Lieutenant Lou Boldt, the Seattle cop who stars in Ridley Pearson's deservedly popular series, is a sharp and touching figure--perhaps the most believable police officer in current fiction. Early in this ninth book about his public and private life, Lou has to put on a bullet-resistant vest to lead a raid against some dangerous criminals. "The vest was not physically heavy, but its presence was," Pearson tells us.
It meant battle; it meant risk. For Boldt, a vest was a symbol of youth. It had been well over a year since he had worn one. Ironically, as he approached the hangar's north door at a light run behind his own four heavily armored ERT personnel, he caught himself worrying about his hands, not his life. He didn't want to smash up his piano hands in some close quarters skirmish. . . . Boldt plays jazz piano one night a week in a local bar, and despite his concern for his hands, he takes every opportunity he can to get away from his desk and into the streets. But money pressures, caused by his wife's recent illness, also make him think about the possibility of a better-paying job in the private sector.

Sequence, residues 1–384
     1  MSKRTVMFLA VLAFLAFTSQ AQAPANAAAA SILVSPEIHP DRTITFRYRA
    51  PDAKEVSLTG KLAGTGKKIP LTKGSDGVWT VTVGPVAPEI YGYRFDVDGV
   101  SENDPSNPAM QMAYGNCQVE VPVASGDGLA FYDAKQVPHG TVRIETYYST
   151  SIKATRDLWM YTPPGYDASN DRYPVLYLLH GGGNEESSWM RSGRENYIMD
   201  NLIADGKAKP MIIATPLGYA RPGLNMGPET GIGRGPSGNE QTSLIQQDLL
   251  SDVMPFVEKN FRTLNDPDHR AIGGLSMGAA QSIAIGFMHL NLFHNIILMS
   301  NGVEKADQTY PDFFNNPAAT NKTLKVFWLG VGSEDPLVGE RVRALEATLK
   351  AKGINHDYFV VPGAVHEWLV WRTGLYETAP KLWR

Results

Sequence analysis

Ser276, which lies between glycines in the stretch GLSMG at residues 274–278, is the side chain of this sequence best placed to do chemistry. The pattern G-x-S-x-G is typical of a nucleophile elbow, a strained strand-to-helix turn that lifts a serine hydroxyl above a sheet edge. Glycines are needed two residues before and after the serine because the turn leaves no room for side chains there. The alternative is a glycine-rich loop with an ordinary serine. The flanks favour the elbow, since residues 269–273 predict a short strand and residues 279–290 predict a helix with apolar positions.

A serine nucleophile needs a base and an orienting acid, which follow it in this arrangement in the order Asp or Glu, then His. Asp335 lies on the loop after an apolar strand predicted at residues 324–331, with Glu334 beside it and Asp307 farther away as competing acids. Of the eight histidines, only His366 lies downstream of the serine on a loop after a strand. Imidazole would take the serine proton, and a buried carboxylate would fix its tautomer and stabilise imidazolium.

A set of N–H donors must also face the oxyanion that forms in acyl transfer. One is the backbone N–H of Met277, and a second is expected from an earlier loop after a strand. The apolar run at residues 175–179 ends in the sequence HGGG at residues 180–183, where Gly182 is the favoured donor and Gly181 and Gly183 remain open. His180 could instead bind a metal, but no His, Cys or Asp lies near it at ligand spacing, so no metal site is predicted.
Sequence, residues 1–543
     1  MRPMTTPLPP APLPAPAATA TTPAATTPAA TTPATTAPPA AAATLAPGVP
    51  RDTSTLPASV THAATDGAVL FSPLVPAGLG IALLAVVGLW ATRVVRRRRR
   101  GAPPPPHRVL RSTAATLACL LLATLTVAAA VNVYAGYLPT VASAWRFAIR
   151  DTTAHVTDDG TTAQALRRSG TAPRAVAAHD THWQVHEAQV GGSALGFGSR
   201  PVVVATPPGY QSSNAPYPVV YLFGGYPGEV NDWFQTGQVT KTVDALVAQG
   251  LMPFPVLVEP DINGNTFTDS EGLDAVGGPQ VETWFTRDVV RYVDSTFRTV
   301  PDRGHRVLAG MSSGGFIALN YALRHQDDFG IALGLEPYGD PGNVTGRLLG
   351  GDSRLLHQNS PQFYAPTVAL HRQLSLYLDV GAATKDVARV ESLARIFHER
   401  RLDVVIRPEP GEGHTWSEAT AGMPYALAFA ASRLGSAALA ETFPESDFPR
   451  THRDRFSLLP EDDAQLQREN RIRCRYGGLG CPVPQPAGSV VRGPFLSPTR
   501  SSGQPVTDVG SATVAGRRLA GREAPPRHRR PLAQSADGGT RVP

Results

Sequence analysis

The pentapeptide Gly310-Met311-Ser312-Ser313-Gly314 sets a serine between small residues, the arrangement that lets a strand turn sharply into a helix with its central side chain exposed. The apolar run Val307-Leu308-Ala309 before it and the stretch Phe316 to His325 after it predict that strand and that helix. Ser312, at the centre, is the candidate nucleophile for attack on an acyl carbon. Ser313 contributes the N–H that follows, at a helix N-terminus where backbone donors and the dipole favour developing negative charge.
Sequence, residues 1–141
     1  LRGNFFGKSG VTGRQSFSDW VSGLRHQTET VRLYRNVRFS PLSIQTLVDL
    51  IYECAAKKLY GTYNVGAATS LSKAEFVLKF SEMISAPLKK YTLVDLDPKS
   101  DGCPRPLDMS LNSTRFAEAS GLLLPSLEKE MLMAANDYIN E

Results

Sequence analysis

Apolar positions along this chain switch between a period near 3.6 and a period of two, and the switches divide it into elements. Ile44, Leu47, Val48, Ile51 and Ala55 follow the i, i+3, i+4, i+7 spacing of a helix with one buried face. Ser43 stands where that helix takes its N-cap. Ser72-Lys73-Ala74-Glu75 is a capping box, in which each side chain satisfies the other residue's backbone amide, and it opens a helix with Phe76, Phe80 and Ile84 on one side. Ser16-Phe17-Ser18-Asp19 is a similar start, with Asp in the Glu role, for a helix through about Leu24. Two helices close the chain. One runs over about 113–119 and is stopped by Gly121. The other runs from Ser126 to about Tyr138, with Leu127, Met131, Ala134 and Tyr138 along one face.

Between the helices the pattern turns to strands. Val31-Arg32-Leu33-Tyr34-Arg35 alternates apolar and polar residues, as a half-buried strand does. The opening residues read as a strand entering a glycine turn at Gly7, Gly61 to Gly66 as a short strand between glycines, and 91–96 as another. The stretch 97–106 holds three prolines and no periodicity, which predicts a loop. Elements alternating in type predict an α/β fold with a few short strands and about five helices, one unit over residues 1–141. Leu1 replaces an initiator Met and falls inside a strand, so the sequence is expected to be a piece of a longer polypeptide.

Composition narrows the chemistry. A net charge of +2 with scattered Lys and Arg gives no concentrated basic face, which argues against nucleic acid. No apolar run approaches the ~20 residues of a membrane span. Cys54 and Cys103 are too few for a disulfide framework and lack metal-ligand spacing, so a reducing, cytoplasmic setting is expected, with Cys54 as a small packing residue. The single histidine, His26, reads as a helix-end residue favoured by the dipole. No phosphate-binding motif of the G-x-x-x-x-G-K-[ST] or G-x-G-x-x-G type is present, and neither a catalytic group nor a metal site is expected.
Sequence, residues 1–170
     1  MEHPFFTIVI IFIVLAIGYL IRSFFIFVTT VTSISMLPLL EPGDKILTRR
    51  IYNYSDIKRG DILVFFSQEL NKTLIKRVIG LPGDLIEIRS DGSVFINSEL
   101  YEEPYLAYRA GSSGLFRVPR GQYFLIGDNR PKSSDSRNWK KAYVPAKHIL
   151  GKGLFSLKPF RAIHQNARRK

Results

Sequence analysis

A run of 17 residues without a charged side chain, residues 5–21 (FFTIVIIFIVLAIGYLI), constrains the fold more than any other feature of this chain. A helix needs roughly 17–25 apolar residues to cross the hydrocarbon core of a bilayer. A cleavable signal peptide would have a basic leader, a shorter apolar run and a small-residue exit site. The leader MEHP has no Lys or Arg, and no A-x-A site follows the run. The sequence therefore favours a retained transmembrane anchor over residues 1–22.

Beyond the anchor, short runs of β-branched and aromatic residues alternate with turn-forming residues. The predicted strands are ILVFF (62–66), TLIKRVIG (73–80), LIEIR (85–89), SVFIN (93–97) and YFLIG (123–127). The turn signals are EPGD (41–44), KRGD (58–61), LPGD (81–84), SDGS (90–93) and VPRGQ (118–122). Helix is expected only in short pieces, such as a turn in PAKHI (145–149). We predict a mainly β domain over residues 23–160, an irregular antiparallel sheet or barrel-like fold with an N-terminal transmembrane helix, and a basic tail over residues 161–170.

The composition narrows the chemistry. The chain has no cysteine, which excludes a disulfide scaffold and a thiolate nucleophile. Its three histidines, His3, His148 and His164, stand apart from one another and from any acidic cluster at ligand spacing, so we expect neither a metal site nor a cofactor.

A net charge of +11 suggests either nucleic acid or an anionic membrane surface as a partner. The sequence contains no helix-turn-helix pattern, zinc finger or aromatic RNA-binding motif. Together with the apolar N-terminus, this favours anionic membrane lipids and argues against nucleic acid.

Meanwhile, some extremely ruthless people are murdering illegal Chinese immigrant women and leaving their bodies buried in newly dug graves. An ambitious local TV journalist named Stevie McNeal and the young Chinese woman she thinks of as her "Little Sister" risk their lives to investigate the killings, while Boldt and his team round up a most unusual array of suspects.
This combination of hard-edged realism and softer sentiment has become Pearson's trademark, and once again it works smoothly. --Dick Adler